Dennis Johnson died today at the age of 52.
He was coaching his NBDL Austin Toros when he collapsed on the court during practice. No additional information is available at this time.
As you probably know, DJ was the last coach of the Clippers prior to the hiring of MDsr. He took over for Alvin Gentry on an interim basis March 1, 2003. He was 8-16 in his brief NBA head coaching career.
My basketball consciousness is closely linked with Dennis Johnson. For one thing, we both went to Pepperdine. DJ only played one season for the Waves, after two seasons at a JC and a red shirt year. It was before I was in college, but my dad was a professor, so I actually grew up watching Pepperdine hoops, and that was the first team I remember really well. What a season it was. I was 13, and the Waves won a first round game against Memphis State (as they were known at the time) in Tucson to advance to the Sweet 16 (back then, it was a 32 team tournament). I listened to that game on the radio in our living room and I could barely hear what was going on, the reception was so bad. In the Sweet 16 they faced UCLA at Pauley - again, the tournament was different back then. There's no home court games these days, but back then it was brutal. And this was 1976 - the Bruins didn't actually win every NCAA title, but they were pretty much still expected to. That team had Roy Hamilton and David Greenwood and Brad Holland. The Waves lost 70-61.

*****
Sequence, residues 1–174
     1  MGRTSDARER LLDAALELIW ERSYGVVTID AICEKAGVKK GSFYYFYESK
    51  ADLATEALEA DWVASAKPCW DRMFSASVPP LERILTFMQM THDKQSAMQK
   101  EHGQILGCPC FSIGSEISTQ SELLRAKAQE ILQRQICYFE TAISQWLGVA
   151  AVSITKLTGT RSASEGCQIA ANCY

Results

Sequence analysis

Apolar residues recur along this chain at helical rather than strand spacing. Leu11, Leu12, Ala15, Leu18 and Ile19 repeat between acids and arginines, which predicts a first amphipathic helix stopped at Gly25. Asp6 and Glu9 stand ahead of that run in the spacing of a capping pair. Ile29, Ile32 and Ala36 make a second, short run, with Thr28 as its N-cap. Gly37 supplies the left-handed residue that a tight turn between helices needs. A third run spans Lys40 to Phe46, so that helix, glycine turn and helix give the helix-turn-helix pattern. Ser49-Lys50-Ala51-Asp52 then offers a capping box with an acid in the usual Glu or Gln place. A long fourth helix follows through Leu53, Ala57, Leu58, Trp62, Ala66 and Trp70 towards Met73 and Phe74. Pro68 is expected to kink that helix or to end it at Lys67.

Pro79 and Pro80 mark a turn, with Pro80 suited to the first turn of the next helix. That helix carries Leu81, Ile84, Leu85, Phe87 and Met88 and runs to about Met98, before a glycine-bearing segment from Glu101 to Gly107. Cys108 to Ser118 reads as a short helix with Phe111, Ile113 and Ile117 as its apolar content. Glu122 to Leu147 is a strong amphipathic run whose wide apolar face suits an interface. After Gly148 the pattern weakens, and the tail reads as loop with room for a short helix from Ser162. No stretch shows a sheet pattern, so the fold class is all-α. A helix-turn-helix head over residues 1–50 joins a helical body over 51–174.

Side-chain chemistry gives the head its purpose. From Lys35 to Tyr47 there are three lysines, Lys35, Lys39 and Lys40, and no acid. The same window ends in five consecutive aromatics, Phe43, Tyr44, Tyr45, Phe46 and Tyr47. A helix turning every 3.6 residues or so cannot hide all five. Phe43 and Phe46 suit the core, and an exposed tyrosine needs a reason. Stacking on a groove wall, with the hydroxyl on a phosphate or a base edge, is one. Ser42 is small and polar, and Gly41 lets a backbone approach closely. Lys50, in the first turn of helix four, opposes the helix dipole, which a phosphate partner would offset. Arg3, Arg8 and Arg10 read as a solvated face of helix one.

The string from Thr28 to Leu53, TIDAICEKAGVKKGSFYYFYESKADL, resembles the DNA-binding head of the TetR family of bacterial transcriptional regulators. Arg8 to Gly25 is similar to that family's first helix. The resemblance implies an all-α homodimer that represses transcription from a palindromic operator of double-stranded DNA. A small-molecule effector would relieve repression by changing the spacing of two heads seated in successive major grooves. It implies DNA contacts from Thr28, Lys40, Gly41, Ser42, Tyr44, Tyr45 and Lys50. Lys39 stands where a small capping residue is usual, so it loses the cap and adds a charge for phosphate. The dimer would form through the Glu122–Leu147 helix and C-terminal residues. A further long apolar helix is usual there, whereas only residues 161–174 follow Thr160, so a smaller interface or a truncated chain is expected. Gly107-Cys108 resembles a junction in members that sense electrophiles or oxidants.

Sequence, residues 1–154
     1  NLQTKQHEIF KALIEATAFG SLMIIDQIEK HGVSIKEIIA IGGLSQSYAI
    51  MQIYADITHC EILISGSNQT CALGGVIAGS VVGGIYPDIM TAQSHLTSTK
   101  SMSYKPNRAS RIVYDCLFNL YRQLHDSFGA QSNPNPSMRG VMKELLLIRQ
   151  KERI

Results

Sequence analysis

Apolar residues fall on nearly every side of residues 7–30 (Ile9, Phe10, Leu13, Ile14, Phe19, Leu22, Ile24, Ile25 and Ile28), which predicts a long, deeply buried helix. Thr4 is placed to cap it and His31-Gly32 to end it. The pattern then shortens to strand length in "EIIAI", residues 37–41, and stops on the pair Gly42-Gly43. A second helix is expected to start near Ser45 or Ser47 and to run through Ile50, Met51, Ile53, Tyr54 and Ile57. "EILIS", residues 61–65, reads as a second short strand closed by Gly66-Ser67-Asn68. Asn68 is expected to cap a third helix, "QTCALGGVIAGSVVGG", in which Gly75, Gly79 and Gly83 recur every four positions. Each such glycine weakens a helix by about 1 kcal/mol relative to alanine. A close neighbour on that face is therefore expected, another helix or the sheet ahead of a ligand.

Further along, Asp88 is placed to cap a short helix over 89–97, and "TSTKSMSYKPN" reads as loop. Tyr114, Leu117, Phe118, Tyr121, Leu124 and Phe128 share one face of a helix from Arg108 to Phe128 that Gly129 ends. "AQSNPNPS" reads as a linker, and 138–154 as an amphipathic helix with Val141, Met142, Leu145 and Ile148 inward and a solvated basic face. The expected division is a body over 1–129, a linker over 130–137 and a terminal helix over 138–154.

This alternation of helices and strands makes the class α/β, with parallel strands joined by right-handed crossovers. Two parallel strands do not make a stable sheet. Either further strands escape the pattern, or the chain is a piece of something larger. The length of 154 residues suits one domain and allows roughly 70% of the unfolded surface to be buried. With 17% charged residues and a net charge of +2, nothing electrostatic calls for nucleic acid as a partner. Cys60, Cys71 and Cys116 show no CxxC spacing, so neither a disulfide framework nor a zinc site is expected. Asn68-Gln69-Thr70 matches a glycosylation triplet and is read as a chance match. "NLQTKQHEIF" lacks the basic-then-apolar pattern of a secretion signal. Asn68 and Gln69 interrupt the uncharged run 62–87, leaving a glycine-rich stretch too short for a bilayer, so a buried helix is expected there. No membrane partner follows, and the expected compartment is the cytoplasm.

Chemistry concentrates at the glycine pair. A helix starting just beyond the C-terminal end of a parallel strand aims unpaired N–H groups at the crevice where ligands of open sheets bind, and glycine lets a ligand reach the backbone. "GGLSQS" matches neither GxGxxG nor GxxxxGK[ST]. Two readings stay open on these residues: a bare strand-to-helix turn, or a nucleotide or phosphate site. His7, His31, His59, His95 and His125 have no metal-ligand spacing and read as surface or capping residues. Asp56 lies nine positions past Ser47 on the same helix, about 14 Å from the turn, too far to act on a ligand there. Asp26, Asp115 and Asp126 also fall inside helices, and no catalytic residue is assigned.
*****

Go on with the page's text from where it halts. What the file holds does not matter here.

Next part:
DJ was a surprise second round pick of the Seattle Sonics in 1976 - surprise because he still had one more eligibility left (the Sonics took advantage of the rule that a player was eligible for the draft 4 years after his high school graduation, the same rule the Celtics used to draft Larry Bird 2 years later). He won a ring his second year in Seattle, had some All Star seasons in Phoenix, and then was traded to Boston. (For Rick Robey, in one of the most one-sided trades of all time.)
Here's where our paths crossed again. I was of course a big Lakers fan in the 80s, and DJ became a mainstay of the dreaded Celtics. I still loved the guy. The thing I remember more than anything about those Celtics teams was just how damn SMART they were. Bird, Johnson, McHale, Parrish, Ainge... they never beat themselves. They never made a single mental error. Dennis Johnson is the last guy I remember who would use the bank pass consistently. If Bird had inside position on someone, especially if the defender had lost sight of the ball for a second, DJ would just throw it up off the glass, and Bird would grab it for a layup. Smart. Of course today I guess that's an alley-oop dunk. But that's not how DJ and Bird beat you.
He is not a member of the basketball Hall of Fame. But his number 3 was retired by the Boston Celtics, which, if you think about it, is almost better.
Dennis Johnson really wanted to be a head coach in the NBA again. Ostensibly he was a candidate for the full time Clippers job in 2003, and I thought he had a chance if DTS wanted someone on the cheap. Instead the Clippers went with MDsr and DJ started paying dues as an NBA scout, assistant and in the NBDL.
RIP, Dennis Johnson.